scale-to-zero-grace-period: "30s" 1

    1
    The grace period time in seconds. The default value is 30 seconds.

6.1.6. Overriding system deployment configurations

You can override the default configurations for some specific deployments by modifying the deployments spec in the KnativeServing and KnativeEventing custom resources (CRs).

6.1.6.1. Overriding Knative Serving system deployment configurations

You can override the default configurations for some specific deployments by modifying the deployments spec in the KnativeServing custom resource (CR). Currently, overriding default configuration settings is supported for the resources, replicas, labels, annotations, and nodeSelector fields.

In the following example, a KnativeServing CR overrides the webhook deployment so that:

  • The deployment has specified CPU and memory resource limits.
  • The deployment has 3 replicas.
  • The example-label: label label is added.
  • The example-annotation: annotation annotation is added.
  • The nodeSelector field is set to select nodes with the disktype: hdd label.
Note

The KnativeServing CR label and annotation settings override the deployment’s labels and annotations for both the deployment itself and the resulting pods.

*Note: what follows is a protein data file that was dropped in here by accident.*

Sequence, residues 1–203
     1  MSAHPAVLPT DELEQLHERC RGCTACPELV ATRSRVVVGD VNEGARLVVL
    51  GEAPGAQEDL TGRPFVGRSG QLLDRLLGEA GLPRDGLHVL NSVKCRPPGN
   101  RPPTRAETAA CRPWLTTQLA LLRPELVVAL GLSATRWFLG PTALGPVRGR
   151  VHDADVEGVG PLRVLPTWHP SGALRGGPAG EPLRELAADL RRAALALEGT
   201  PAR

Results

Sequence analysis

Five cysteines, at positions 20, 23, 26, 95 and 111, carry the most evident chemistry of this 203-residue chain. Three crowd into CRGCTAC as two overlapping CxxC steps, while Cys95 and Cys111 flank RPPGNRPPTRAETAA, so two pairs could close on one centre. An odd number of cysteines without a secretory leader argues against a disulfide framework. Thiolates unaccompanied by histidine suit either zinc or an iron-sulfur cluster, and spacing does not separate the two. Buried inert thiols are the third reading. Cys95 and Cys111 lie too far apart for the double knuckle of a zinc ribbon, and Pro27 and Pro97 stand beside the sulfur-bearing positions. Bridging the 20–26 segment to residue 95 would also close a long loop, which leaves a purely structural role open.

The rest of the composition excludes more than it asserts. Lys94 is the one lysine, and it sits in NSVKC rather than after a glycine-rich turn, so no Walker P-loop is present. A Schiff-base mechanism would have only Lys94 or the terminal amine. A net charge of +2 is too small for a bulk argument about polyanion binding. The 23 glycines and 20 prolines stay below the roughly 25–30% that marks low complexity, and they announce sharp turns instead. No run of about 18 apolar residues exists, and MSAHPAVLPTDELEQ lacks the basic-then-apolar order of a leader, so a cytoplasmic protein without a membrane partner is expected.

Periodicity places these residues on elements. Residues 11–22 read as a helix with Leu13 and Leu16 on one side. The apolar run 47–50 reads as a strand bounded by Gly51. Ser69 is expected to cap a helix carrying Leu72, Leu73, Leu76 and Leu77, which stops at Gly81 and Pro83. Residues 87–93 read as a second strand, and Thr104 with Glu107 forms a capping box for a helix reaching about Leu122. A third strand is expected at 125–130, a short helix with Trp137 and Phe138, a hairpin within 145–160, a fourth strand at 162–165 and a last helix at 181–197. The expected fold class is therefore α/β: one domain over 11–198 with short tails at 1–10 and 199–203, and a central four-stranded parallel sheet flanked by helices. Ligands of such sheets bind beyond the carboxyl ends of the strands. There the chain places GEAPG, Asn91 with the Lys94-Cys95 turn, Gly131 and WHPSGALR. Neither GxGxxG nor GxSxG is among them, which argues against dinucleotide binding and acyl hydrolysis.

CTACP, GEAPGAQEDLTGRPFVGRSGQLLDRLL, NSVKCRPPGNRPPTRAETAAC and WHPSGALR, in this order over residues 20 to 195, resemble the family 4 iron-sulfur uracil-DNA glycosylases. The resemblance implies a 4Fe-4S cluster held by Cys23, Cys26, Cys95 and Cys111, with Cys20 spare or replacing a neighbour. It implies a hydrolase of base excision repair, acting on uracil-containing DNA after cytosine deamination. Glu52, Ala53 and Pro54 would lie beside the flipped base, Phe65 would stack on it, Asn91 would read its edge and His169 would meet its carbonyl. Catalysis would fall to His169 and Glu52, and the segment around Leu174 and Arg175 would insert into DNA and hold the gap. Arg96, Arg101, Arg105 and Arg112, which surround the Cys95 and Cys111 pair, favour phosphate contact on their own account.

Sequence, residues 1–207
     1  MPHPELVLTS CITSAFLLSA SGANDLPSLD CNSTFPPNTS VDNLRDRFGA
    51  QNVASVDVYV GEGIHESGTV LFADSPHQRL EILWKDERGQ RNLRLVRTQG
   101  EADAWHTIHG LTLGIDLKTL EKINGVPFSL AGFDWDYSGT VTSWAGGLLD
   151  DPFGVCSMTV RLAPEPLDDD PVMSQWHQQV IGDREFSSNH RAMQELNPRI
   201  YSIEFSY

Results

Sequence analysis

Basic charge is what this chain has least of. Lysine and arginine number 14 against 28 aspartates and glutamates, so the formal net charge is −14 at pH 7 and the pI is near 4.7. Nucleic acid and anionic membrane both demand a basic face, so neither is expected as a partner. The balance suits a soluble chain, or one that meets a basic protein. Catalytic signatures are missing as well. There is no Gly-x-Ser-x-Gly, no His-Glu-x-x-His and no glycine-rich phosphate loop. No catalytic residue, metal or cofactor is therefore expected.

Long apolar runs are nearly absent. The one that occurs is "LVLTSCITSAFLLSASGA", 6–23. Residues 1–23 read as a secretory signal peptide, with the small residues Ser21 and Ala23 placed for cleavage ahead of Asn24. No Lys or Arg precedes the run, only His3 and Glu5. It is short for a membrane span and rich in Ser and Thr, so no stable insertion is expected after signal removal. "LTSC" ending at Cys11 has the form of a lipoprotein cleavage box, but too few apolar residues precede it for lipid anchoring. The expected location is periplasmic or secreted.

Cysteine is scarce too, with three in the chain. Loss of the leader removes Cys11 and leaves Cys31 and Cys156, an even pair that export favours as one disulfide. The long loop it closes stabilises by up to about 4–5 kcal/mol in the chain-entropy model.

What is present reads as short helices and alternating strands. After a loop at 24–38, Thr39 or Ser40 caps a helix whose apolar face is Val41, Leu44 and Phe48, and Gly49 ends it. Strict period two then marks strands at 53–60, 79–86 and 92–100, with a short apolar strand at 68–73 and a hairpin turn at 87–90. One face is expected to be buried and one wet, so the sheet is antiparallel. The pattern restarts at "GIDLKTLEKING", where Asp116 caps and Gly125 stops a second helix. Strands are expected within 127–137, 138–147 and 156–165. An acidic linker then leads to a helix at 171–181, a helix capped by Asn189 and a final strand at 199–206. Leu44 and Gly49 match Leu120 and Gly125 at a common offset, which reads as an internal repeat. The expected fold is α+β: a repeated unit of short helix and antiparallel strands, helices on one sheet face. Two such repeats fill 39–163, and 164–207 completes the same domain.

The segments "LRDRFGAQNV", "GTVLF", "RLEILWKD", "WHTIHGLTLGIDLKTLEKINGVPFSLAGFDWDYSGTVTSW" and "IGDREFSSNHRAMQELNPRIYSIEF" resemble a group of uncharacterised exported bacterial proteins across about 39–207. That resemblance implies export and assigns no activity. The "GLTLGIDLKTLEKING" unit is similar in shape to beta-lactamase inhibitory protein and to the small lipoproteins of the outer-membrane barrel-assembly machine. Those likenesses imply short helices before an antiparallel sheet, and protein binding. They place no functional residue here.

KnativeServing CR example

apiVersion: operator.knative.dev/v1alpha1
kind: KnativeServing
metadata:
  name: ks
  namespace: knative-serving
spec:
  high-availability:
    replicas: 2
  deployments:
  - name: webhook
    resources:
    - container: webhook
      requests:
        cpu: 300m
        memory: 60Mi
      limits:
        cpu: 1000m
        memory: 1000Mi
    replicas: 3
    labels:
      example-label: label
    annotations:
      example-annotation: annotation
    nodeSelector:
      disktype: hdd

6.1.6.2. Overriding Knative Eventing system deployment configurations

You can override the default configurations for some specific deployments by modifying the deployments spec in the KnativeEventing custom resource (CR). Currently, overriding default configuration settings is supported for the eventing-controller, eventing-webhook, and imc-controller fields.

Important

The replicas spec cannot override the number of replicas for deployments that use the Horizontal Pod Autoscaler (HPA), and does not work for the eventing-webhook deployment.

In the following example, a KnativeEventing CR overrides the eventing-controller deployment so that:

  • The deployment has specified CPU and memory resource limits.
  • The deployment has 3 replicas.
  • The example-label: label label is added.
  • The example-annotation: annotation annotation is added.
  • The nodeSelector field is set to select nodes with the disktype: hdd label.

KnativeEventing CR example

apiVersion: operator.knative.dev/v1beta1
kind: KnativeEventing
metadata:
  name: knative-eventing
  namespace: knative-eventing
spec:
  deployments:
  - name: eventing-controller
    resources:
    - container: eventing-controller
      requests:
        cpu: 300m
        memory: 100Mi
      limits:
        cpu: 1000m
        memory: 250Mi
    replicas: 3
    labels:
      example-label: label
    annotations:
      example-annotation: annotation
    nodeSelector:
      disktype: hdd

Note

The KnativeEventing CR label and annotation settings override the deployment’s labels and annotations for both the deployment itself and the resulting pods.

6.1.7. Configuring the EmptyDir extension